The U.S. and Chinese trade imbalances in manufactures continued to surge in 2012, with the U.S. deficit up by 8%, to $498 billion, and the Chinese surplus by 15%, to $755 billion, notes a new report from the Manufacturers Alliance for Productivity and Innovation (MAPI).
For the three years since 2009, the U.S. deficit rose by $172 billion, or 53%, while the Chinese surplus soared by $333 billion, or an extraordinary 79%. The three-year increase in the U.S. deficit resulted in the loss of 700,000 to 1.4 million American manufacturing jobs, including 140,000 to 280,000 jobs in 2012.
In “The U.S. Trade Deficit in Manufactures and the Chinese Surplus Continued to Surge in 2012,” Ernest Preeg, MAPI senior advisor for International Trade and Finance, warns that for the technology-intensive manufacturing sector, which accounts for 75% of U.S. merchandise exports, the trade figures constitute a major competitiveness challenge for the United States.
“Over three years, U.S. manufactured exports grew by $337 billion, or 39%, while Chinese exports were up by $809 billion, or 71%,” Preeg said. “As a result, Chinese exports rose from 31% larger than U.S. exports in 2009 to 62% larger in 2012, and are on track to double U.S. exports by mid-decade. In longer-term perspective, U.S. manufactured exports in 2000 were three times larger than Chinese exports.”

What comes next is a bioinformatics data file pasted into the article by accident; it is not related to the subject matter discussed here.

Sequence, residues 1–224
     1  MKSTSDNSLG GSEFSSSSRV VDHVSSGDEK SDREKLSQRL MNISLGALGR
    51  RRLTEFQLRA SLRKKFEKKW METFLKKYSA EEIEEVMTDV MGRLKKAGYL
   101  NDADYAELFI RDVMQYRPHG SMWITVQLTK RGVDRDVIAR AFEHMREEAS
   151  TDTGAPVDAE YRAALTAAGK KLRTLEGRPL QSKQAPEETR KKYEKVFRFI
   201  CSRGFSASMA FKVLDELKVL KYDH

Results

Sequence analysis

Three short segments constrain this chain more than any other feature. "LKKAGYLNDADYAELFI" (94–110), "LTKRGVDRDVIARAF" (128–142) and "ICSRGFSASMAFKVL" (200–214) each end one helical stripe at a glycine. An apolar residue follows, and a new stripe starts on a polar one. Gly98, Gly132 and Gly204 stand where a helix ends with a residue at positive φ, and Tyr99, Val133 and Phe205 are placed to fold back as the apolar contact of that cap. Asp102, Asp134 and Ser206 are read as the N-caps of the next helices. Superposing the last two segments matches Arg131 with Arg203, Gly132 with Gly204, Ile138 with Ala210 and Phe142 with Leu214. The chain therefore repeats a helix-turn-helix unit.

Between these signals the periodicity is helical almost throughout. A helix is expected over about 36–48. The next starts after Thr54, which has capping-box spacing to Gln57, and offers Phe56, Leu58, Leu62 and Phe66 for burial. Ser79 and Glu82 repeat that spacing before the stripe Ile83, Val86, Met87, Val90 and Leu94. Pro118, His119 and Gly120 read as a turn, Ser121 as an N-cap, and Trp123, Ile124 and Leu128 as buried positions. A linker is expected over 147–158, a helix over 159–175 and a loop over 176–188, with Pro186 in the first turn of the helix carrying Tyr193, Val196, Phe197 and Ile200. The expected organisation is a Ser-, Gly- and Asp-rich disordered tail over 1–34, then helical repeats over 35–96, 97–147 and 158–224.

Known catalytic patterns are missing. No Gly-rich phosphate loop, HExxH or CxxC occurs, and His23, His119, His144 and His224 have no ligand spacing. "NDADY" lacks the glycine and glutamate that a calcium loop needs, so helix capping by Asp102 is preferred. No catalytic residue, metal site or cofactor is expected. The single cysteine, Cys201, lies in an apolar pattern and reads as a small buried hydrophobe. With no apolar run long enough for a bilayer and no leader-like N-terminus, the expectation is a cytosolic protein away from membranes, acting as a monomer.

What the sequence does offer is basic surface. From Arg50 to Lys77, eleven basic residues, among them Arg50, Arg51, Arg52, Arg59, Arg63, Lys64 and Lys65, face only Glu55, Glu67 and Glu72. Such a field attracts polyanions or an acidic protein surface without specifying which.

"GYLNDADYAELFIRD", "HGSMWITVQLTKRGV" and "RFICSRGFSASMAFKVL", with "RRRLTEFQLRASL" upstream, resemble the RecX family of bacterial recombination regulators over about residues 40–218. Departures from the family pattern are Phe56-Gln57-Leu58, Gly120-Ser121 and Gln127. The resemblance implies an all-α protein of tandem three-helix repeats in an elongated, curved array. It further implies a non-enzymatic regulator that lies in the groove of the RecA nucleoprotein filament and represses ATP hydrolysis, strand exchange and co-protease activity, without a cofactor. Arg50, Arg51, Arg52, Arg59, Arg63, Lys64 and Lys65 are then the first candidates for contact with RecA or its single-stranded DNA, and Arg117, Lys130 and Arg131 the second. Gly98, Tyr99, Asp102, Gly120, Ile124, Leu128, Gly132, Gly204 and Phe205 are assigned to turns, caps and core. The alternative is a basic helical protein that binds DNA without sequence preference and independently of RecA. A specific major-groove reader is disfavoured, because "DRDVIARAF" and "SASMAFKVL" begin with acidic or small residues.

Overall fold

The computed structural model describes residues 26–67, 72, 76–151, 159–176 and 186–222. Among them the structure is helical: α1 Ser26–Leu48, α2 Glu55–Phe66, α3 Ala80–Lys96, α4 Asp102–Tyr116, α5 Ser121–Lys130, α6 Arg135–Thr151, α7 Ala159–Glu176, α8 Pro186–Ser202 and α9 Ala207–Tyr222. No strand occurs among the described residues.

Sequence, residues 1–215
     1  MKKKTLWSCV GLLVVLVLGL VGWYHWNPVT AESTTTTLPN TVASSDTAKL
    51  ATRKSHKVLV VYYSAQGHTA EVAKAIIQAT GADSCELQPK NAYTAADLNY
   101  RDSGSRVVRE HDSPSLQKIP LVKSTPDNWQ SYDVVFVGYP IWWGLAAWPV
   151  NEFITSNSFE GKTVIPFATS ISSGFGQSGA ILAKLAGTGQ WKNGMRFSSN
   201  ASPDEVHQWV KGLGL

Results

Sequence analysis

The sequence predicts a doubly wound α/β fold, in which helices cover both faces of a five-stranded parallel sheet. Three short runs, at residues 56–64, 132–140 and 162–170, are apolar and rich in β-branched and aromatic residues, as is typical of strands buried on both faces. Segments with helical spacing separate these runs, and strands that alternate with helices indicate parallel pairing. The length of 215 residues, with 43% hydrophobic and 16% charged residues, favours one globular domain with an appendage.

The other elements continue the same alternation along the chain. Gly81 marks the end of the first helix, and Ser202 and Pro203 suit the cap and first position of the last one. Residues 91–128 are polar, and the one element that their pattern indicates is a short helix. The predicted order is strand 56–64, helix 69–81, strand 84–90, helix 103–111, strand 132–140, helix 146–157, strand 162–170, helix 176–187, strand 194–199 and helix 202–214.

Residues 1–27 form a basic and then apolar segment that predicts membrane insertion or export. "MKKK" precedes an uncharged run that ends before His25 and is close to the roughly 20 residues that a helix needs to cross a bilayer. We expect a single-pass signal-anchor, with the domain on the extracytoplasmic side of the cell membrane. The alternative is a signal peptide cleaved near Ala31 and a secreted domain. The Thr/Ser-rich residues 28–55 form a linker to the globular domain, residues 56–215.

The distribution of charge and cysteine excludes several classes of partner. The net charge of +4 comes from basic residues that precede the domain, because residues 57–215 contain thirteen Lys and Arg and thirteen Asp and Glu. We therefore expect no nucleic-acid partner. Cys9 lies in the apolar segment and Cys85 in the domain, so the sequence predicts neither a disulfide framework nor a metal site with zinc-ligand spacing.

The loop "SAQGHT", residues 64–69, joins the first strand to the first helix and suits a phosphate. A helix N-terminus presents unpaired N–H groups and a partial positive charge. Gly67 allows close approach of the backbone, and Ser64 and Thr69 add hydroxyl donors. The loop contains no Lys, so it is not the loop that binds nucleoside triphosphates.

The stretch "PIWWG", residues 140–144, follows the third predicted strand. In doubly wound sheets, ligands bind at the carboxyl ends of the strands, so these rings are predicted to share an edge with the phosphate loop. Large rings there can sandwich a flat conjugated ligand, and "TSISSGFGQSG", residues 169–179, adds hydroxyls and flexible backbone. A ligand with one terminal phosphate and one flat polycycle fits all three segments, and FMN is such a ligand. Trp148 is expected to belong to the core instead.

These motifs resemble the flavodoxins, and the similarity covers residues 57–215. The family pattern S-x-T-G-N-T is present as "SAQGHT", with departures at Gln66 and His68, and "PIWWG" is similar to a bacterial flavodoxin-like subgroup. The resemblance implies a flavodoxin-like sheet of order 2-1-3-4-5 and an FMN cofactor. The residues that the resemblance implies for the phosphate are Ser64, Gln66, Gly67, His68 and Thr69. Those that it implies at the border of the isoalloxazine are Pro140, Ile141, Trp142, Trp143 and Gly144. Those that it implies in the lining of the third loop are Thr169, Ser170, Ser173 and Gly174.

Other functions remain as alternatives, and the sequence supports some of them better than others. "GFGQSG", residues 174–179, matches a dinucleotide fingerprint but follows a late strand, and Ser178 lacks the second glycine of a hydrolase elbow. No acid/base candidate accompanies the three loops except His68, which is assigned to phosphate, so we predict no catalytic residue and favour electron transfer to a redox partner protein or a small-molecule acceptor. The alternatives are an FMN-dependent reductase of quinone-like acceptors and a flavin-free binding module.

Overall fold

High-technology industries now account for well over half of Chinese exports. In 2012, for the nine largest high-tech industries, Chinese exports of $1,016.3 billion were 50% larger than the $678.3 billion of U.S. exports. For the three essentially IT industries of office, telecommunications, and electrical machinery and equipment, Chinese exports of $697.7 billion were more than three times larger than the $206.7 billion of U.S. exports.
According to the report, the most striking dimension of the U.S.-China trade relationship is the extremely lopsided bilateral trade account. In 2012, U.S. imports of manufactures from China were $417 billion, or 6.3 times larger than the $66 billion of U.S. exports to China, and up from a ratio of 6.1 in 2011. U.S. exports to China were flat in the second half of 2012 while imports were up by 5%.
“Looking ahead, the momentum is toward still larger trade imbalances in 2013,” Preeg predicted. “Less clear but far more important is the longer-term outlook over 5 to 10 years. Opinions vary as to whether the U.S. deficit in manufactures will continue to rise or begin to fall, but it is highly unlikely, on current policy course, that there will be a major decline in the deficit.”
Indeed, Preeg argues, a strong case can be made for a bolder and more forward-looking U.S. policy response to bring U.S. trade in manufactures back into balance. The policy point of departure is that mercantilism is defined as a strategy to achieve a balance of exports over imports, with the deficit-generating impact on trading partners called “beggar-thy-neighbor.” Not only China, but the other three principal exporters of manufactures—the EU, Japan and South Korea—all have very large trade surpluses in manufactures, while the United States is the outstanding beggarly neighbor. Moreover, all four trading partners have current account surpluses, while the United States has an unsustainably large deficit.